Contemporary Avignon is a relatively small city with a population of about 100,000. It’s situated not too far from the French Cote d’Azur, within a convenient distance from Marseille. The earliest inhabitants of the area were Celtic tribes. It became a prominent trade centre in the times of the Roman Empire; however, soon afterwards Barbarians and Franks ravaged it and burnt it to the ground. Over the following centuries, it changed hands many times, and was annexed by various kingdoms.
To the visitors who crowd in to see it today, Avignon is primarily the famed City of the Popes. The city was a papal estate in the period between 1348 and 1791, after which it was ceded to France as a result of the French Revolution. From March 9, 1309 until January 13, 1377, Avignon served as the seat of the head of the Catholic Church instead of Rome, becoming home to seven Popes. Several decades later, during the the Great Schism in the Catholic Church, it was also the residence of the two antipopes, Clement VII and Benedict XIII.
The Popes bequeathed to Avignon one of its best known landmarks today, the Palais des Papes (Palace of the Popes). It’s one of Europe’s largest Medieval Gothic buildings, erected between 1335 and 1364 in two phases which produced the Old Palace and the New Palace. During the French Revolution, the palace witnessed horrible massacres and was later seized by Napoleon and converted into a prison and military residence.
Paradoxically, however, this new adaptation of the luxurious residence is precisely what saved the building from further destruction. Recognised as a major national treasure, tt was turned into a state museum in 1906. In 1995, together with the St. Benezet Bridge, the Petit Palais, and the Cathedral of Notre Dames des Domes, the Palace was listed as a UNESCO World Cultural Heritage Site.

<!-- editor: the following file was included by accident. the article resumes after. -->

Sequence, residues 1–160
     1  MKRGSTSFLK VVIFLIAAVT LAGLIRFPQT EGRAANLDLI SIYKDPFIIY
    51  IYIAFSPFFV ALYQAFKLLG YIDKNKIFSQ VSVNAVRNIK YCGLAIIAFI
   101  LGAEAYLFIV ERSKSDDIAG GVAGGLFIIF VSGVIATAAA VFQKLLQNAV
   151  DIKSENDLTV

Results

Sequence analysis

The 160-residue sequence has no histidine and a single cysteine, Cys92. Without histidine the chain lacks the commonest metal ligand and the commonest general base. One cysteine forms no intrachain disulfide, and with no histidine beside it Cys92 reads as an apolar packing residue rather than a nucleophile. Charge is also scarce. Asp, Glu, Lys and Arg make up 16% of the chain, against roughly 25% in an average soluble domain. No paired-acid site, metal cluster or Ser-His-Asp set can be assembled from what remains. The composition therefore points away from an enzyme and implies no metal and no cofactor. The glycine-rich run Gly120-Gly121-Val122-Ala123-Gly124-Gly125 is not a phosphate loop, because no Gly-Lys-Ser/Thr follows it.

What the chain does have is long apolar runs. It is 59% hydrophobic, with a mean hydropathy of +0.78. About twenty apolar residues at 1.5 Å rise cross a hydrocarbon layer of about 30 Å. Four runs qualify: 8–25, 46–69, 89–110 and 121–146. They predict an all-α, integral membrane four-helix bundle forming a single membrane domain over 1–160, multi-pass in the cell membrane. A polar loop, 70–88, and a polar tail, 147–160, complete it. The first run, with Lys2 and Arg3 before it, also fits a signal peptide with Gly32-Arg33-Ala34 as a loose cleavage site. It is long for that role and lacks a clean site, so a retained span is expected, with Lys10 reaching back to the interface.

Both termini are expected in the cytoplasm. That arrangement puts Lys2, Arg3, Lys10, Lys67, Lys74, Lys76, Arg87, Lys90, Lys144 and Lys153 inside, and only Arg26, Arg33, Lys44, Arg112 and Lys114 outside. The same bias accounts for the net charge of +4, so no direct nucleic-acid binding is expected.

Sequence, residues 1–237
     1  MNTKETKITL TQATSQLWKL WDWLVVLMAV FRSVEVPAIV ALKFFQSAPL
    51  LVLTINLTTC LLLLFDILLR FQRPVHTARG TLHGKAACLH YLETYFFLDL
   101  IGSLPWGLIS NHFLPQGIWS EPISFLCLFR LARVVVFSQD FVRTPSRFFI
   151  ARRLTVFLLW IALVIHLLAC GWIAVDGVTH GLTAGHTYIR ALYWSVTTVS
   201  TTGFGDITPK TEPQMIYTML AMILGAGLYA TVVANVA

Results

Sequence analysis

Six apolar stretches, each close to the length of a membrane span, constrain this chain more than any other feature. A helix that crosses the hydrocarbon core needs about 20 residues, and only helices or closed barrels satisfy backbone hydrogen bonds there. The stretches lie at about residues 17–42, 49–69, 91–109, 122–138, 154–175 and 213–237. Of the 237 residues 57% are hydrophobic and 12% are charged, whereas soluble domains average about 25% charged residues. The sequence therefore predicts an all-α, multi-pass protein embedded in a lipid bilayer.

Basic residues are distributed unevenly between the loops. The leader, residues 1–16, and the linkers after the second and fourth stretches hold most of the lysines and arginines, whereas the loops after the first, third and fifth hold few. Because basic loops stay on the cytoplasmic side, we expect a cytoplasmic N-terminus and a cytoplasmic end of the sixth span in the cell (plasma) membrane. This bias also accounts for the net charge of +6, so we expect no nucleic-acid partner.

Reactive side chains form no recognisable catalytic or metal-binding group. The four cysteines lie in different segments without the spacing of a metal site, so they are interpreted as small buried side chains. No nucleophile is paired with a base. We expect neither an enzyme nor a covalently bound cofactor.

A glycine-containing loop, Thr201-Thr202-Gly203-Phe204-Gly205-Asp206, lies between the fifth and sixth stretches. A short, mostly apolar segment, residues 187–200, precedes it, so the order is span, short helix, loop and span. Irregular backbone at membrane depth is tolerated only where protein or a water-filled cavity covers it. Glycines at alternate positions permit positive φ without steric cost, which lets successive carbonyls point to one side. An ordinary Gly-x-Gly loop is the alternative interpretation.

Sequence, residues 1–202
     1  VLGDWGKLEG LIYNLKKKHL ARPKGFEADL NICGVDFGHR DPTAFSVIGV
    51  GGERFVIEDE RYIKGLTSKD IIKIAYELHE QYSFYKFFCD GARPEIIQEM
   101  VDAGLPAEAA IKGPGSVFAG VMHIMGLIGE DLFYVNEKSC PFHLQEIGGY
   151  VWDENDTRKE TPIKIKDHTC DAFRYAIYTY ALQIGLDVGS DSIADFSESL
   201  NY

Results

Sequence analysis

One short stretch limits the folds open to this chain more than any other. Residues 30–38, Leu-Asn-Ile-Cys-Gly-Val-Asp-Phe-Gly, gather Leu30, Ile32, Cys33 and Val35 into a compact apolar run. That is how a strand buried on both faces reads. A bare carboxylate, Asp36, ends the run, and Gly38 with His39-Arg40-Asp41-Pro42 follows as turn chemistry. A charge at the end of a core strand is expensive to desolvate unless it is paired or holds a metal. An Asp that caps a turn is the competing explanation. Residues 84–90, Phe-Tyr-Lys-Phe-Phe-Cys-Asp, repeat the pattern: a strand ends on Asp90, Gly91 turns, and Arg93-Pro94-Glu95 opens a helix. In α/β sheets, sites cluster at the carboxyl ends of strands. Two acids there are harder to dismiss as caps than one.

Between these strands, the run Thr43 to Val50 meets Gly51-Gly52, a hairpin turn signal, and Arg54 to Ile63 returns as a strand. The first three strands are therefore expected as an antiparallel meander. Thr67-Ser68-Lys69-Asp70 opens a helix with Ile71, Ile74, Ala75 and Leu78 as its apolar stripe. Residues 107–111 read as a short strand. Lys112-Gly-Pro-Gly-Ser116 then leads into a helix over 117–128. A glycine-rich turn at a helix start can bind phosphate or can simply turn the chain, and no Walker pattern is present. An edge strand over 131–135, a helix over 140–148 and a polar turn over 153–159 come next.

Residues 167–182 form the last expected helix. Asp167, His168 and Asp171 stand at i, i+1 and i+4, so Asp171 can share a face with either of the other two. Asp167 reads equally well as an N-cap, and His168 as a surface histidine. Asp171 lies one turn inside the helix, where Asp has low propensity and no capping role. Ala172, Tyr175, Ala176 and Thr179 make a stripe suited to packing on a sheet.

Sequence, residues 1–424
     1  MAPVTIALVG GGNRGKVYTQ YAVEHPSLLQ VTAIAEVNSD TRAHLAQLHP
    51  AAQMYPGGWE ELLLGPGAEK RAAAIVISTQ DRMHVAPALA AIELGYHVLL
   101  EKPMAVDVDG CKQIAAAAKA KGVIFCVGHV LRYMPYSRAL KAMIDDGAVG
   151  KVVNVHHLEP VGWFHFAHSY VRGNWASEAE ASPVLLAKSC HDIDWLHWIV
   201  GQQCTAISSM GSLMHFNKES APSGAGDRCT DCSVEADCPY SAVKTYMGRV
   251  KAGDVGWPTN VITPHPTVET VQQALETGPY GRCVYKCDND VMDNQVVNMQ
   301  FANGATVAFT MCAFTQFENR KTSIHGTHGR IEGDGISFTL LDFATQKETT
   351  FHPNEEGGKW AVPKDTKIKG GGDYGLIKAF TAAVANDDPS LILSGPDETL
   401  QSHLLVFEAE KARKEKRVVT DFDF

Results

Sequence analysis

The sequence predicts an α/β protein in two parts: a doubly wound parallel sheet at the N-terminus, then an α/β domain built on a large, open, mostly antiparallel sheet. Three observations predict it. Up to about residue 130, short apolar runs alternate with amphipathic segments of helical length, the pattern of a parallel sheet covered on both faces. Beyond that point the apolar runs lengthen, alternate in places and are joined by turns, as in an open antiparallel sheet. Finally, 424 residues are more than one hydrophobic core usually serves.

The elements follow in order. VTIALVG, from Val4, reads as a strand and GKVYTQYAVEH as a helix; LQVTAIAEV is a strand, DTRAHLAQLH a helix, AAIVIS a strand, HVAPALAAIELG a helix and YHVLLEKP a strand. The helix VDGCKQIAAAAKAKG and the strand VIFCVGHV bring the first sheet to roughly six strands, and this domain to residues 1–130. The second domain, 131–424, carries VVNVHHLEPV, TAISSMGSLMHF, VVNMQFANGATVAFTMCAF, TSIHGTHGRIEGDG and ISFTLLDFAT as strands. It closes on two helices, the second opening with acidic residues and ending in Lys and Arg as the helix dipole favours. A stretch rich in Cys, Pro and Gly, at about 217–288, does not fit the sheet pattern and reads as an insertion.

Other major attractions of the City of the Popes include the St. Benezet Bridge, or the Pont d'Avignon, which used to span the Rhone River but finally gave in during numerous floods. Attempts to repair it were given up in 1668, so only four arches of the original construction survive to this day. The charming bridge brings back the feeling of old times and has been immortalised in the famous song 'Sur le Pont d'Avignon'.
In addition to visiting the famous sights, you shouldn’t miss a chance to take a stroll along one of the charming streets in Avignon's pedestrian area – along Joseph Vernet, rue de Teinturiers, or rue Carreterie. There, you’ll be able to enjoy the genuine local spirit as well as do some souvenir shopping for traditional ceramics, pottery or other handicraft products. If you have more time, be sure to take a boat trip on the Rhone.
A culturally versatile city, Avignon boasts a rich calendar of cultural events. The city hosts various festivals, with the world-famous Avignon Theater Festival being the chief attraction of the summer season. It’s usually held between July 10 and August 2 in the Palace of the Popes and attracts an audience of about 120,000, who arrive to see marvellous performances of classical and modern works, as well as numerous readings, conferences and debates.